I moderated and chaired two sessions on new media yesterday at the Civil Service College. Held as part of their Senior Executive Development Programme together with the National Institute of Public Administration (Malaysia), it featured public service attendees from both sides of the causeway. Joining me for the second session were Arun Mahizhnan of the Institute of Policy Studies and Chua Mui Hoong of the Straits Times.
Several interesting points were raised during the discussion, and they include the following:
Growth and Influence of Social Media
Number of Internet users in China will leapfrog that of the US by 2009. There are currently about 2.4 million internet users in Singapore, and another 13.5 million internet users in Malaysia.
Amongst Singaporean users, at least 63% write a blog or contribute to other people's blogs or social networking sites (source Synovate). Approximately 350,000 or so Singaporeans are on Facebook, and the number is growing exponentially.
From a simple show of hands in the room of mostly late 30 somethings to 50 somethings, I could gather that Facebook is definitely the most pervasive social media platform for the...err.... "young at heart". This is probably due to its lower barrier to entry due to a highly intuitive and user friendly interface.
Reporters are Now Blogging
Both SPH and MediaCorp are encouraging their younger journos and reporters to set up their own blogs and to speak in their own voices. This will depend on the inclinations of individuals. However, they are limited to their perspectives and observations of the news stories which they cover. Naturally as journalists, they are encouraged to ensure that some levels of accuracy, veracity and authenticity are arrived at.
Young People ARE Reading Newspapers - Online That Is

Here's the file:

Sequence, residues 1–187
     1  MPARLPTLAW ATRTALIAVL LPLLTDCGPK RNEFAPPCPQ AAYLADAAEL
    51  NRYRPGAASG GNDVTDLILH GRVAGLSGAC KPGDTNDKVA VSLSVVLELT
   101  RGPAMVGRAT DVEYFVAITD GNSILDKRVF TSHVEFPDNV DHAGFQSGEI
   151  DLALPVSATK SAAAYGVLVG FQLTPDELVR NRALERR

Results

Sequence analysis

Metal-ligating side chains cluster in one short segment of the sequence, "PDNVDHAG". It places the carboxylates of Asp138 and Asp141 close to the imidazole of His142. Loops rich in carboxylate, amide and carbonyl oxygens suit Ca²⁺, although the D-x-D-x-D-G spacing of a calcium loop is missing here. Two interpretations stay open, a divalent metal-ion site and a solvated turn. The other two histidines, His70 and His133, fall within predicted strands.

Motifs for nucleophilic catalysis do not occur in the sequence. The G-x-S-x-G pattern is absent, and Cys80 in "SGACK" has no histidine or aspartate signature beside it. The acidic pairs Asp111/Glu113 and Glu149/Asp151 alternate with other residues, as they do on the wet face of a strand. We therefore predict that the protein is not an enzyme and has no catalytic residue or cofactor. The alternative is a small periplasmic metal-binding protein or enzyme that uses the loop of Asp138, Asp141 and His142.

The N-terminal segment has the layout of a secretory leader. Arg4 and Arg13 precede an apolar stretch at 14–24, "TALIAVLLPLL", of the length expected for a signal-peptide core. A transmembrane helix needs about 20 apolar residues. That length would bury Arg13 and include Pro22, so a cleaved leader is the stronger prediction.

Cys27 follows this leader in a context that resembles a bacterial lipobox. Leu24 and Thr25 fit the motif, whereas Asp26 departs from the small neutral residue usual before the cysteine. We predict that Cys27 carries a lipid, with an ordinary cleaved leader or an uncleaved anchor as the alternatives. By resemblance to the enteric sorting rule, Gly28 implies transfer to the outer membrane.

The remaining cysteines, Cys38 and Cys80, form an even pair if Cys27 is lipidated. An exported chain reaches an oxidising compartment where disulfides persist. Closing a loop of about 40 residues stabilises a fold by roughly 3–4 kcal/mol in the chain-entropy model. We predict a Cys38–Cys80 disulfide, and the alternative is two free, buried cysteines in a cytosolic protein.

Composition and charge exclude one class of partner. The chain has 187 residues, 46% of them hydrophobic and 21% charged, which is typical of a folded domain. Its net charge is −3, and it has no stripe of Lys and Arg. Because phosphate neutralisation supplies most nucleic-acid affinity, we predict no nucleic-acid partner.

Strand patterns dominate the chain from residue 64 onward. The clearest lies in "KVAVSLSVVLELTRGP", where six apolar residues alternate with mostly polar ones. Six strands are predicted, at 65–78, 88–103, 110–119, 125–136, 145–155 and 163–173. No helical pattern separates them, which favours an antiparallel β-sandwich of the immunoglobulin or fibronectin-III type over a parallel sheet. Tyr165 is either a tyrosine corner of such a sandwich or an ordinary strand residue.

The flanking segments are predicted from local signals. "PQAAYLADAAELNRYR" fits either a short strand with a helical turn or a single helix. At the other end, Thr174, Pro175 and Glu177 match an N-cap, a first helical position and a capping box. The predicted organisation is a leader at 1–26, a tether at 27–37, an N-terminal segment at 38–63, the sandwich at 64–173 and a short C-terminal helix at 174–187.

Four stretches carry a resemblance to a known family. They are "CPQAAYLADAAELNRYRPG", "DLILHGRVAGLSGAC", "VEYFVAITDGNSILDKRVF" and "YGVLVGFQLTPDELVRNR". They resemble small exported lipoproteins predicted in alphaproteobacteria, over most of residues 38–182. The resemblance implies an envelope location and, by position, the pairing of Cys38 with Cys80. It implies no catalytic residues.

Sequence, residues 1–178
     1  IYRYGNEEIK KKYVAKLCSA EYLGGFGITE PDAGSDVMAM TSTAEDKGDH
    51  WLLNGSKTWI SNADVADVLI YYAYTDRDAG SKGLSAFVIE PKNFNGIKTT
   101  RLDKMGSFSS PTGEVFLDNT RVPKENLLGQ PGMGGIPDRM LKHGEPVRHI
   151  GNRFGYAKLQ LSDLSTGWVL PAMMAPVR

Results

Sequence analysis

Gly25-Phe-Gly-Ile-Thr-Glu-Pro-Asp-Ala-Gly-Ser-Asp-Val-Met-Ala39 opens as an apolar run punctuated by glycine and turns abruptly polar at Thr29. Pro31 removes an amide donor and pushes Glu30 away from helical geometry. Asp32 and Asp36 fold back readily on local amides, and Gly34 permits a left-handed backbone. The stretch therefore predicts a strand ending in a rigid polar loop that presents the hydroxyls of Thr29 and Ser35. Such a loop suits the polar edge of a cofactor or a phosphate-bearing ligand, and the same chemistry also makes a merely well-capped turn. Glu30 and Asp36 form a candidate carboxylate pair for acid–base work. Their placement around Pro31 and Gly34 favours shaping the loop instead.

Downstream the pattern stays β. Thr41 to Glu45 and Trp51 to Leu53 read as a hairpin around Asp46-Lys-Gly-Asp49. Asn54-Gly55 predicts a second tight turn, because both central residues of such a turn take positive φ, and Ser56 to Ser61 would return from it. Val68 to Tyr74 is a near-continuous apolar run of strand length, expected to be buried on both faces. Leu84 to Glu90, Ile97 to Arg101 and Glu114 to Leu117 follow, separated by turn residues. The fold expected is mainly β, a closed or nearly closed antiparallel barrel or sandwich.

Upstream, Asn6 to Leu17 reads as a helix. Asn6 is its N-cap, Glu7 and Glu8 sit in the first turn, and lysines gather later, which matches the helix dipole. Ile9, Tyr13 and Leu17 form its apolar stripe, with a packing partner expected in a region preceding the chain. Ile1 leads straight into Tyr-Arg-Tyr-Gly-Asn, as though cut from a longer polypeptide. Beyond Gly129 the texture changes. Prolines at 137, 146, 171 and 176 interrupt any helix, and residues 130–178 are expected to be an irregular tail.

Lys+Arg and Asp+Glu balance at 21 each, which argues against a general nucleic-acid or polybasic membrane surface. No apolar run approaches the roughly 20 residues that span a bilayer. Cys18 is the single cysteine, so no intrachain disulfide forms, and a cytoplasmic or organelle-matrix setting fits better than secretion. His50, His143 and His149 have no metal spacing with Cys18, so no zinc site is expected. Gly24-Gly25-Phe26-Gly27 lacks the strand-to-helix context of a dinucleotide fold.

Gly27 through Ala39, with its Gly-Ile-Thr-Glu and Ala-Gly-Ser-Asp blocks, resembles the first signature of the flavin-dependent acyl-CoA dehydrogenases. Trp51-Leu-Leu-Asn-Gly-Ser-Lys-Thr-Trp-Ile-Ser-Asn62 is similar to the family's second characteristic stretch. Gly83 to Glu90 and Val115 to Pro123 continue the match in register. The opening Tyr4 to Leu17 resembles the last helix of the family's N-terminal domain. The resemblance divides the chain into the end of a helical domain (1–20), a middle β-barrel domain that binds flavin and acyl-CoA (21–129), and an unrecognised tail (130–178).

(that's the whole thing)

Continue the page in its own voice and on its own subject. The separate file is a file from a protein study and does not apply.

This was an interesting revelation to me. Contrary to popular belief, many young folks do get their news from mainstream media players in Singapore. They cite news sources from freely available online news platforms like channelnewsasia.com, Straits Times Online, Today Online, New York Times, CNN and others which are produced by newspaper and broadcast companies. What they do in their blogs are to cite these sources of news and add an opinion or view to them.
Media Landscape in Malaysia and Singapore Vastly Different
One of the most interesting points raised was the Penetration/Participation Paradox highlighted by Arun (which was previously referred to by Dr Cherian George of NTU). While Singapore has a higher internet and broadband penetration rate (close to 80% of households) and far greater proportion of internet users and bloggers, it doesn't have as many professionally run alternative news sites as Malaysia does.
Almost all the news here are generated by the two major players, while independent sites like Malaysiakini and Malaysia Today have provided alternative news sources to our neighbours up North. This does present certain challenges and issues in managing the media which are unique to both countries. Of course, the political landscapes of both countries are fairly different too.
The Lines Are Blurring
With the march of the mainstream media guys towards social media platforms (check STOMP, podcast.sg, Omy.sg's blog awards, Channel News Asia's Blogs, BlogTV, and others), the lines between the two are fast becoming indistinct. The rise in Internet Protocol Television or IPTV, as well as alternative channels like Joost, lead to the world wide web becoming a one-stop source for news in any format you desire.
In the same way, some of our social media stars have appeared in mainstream media platforms either in the past or present. They include Wendy Cheng (or Xiaxue), who made several appearances in Girl About Town, as well as others like Dawn Yang, Mr Brown, Mr Miyagi, and others.
Labels: civil service college, newspapers, social media, television commercial